With the above structure according to the invention the electrical surge protection means is provided in the connector instead of being connected serially with it. In the structure, electrical connection is in series through the second conductor means through the first conductor means and then through the third conductor means with the electrical surge protection means connected to ground and connected to the first conductor means. The construction is such that the mating terminals of the two housing means are brought together during closing together of the housing means such that connections like binding posts which are normally provided for connection of the wiring to protection means is avoided. One of the terminals of one of the housing means is conveniently a blade terminal while the other terminal of the housing means is conveniently a resilient fork for resiliently receiving an individual blade terminal as the housing means move into the closed condition. In addition to this, the sealing of the protection means within the first housing means ensures that no corrosion within the first housing means can take place thereby avoiding electrical shorts leading therefrom. Further to this, with this construction according to the invention, in practice a gel or a grease is conveniently used between the two housing means so that a seal is provided between them as they are moved into the closed condition thereby protecting the connection of the terminals extending between the housing means from ambient atmospheric conditions.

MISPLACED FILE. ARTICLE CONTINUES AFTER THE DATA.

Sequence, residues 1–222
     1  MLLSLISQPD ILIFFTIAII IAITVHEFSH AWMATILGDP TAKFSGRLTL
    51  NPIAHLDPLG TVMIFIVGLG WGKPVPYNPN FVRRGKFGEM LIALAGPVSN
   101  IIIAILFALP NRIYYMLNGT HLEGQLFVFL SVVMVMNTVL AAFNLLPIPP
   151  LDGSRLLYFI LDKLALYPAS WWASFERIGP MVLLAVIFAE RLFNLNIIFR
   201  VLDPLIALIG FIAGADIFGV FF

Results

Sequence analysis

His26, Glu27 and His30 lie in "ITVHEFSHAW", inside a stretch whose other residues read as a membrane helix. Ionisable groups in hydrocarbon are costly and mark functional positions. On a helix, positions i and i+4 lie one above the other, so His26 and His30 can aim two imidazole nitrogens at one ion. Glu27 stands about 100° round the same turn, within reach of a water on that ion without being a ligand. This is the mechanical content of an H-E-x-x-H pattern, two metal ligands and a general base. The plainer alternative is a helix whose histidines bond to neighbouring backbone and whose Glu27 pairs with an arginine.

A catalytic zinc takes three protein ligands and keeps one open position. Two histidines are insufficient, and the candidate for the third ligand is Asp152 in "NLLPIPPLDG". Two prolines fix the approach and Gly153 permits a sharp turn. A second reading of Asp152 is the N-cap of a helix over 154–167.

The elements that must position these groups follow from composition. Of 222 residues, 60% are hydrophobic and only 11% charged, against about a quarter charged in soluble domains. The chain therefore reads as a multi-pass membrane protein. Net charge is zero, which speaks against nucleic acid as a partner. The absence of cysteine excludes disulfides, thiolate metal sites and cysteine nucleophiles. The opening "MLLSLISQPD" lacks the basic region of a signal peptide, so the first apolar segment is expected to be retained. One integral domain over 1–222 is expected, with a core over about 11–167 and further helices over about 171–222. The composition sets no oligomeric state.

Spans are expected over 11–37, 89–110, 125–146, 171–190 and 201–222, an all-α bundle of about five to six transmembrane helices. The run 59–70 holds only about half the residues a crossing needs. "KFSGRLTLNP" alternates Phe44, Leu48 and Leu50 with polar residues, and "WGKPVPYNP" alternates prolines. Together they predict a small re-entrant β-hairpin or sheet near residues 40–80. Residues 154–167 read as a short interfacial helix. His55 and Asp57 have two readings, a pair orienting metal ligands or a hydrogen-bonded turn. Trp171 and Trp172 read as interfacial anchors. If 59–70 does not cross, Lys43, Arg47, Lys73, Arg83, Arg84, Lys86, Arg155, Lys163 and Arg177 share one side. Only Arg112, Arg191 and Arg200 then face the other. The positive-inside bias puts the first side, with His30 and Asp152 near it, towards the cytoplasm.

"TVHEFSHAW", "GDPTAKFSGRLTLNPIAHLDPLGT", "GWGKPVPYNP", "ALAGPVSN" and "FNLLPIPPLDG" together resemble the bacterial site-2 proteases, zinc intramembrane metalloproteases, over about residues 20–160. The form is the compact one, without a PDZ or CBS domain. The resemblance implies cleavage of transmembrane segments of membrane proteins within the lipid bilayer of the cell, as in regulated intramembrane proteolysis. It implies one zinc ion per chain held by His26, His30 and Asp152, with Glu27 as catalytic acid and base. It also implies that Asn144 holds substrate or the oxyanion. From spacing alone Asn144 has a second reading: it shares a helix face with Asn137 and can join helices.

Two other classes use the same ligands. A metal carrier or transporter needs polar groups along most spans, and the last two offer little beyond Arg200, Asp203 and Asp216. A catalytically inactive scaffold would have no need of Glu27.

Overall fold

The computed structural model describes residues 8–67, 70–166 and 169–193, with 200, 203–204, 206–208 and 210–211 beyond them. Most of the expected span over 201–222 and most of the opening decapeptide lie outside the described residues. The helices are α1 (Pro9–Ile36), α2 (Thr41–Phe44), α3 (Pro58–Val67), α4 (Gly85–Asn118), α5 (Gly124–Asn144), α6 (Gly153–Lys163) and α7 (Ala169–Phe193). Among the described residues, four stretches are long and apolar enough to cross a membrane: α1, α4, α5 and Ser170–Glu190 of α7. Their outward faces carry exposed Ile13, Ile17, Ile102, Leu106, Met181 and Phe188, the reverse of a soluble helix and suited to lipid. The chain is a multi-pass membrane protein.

In a preferred arrangement the connector is constructed to accommodate two circuit lines, e.g. a "tip" and "ring" line. Each line has its own second and third conductor means so that four insulation displacement terminals are provided. Also four other terminals are provided for connection to two first conductor means each having two terminals extending externally from the first housing means. The two first conductor means are electrically isolated from one another and each first conductor means has its own electrical surge protection device. In a practical arrangement, each of the first housing means is provided with two chambers each housing an individual protection device with the terminals of each of the first conductor means sealingly extending through one wall of the first housing means with the ground means located on an opposite wall of the first housing means.
One of the preferred intentions of the invention is that each of the second housing means is locatable in a detent position upon the first housing means preparatory for the second housing means to be moved into the closed position upon installation. In the detent position, it is preferable for the second housing means to be completely detachable from the first housing means so that it may be reversed in position. This enables inlets to passages for incoming conductor wires to be disposed in one of two preferred positions dependent upon the site conditions in which the connector is to be used. Also, with the second housing means in the detent position, the connector is in readiness for insertion of connector wires into the second housing means so that the closed condition may then be attained at which time electrical connection takes place through the connector. It is also to be preferred that the two housing means when in the closed condition cannot be separated from one another so that the protection means and the terminal connections to the protection are permanently protected.